Photo courtesy of Chris McKinney

MCG students win $25,000 to finance health startup

Four Medical College of Georgia students and two programmers won $25,000 in cash and services to finance their health tech startup during the 2018 Southeast Startup Challenge Summit – an initiative funded by a $550,000 grant from the Robert Wood Johnson Foundation.

MCG’s Safia Siddiqui, Mike Mallow, Kyle Dymanus and Nathan Dillard as well as programmers David Ray and Aaron White founded R6 Industries with the goal of improving communication during disasters. They’ve recently created DisasterMed, a service platform that monitors occurrences of symptoms in disaster areas to quickly identify an outbreak and stop the spread of the disease.

Master of Public Health alumnus Rabei Alaisami also participated in the pitch competition with a project that aimed at increasing the number of Richmond County families participating in the Women, Infants, and Children (WIC) Supplemental Nutrition Program. This federally-funded initiative helps improve the health and nutrition of low-income pregnant, breastfeeding and postpartum women as well as children ages 1-5.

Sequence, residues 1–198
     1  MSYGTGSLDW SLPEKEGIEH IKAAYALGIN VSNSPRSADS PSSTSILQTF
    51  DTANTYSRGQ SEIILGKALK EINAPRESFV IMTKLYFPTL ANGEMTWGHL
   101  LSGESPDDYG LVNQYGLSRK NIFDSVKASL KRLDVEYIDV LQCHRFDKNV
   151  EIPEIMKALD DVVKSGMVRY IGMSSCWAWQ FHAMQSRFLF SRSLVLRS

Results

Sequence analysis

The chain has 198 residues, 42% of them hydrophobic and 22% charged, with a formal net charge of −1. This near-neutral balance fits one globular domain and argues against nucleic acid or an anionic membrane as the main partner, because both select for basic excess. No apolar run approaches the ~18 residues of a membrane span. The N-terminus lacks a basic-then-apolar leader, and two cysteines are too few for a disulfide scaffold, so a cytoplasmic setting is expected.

Besides the pitch competition, the summit brought together entrepreneurs, researchers and public health policy experts to create achievable initiatives to improve public health in Georgia communities. The agenda included a community health panel and a summit expo featuring the 10 startups that participated in the pitch competition.

This free event, which was held in Macon, Georgia, was a collaboration between the Clinical and Digital Health Sciences Department in the College of Allied Health Sciences at Augusta University and, an innovative workspace in Augusta.

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Written by
Arthur Takahashi

Arthur Takahashi is Digital Media Coordinator at Augusta University. Contact him to schedule an interview on this topic or with one of our experts at 706–446–5128 or

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Written by Arthur Takahashi

Jagwire is your source for news and stories from Augusta University. Daily updates highlight the many ways students, faculty, staff, researchers and clinicians "bring their A games" in classrooms and clinics on four campuses in Augusta and locations across the state of Georgia.

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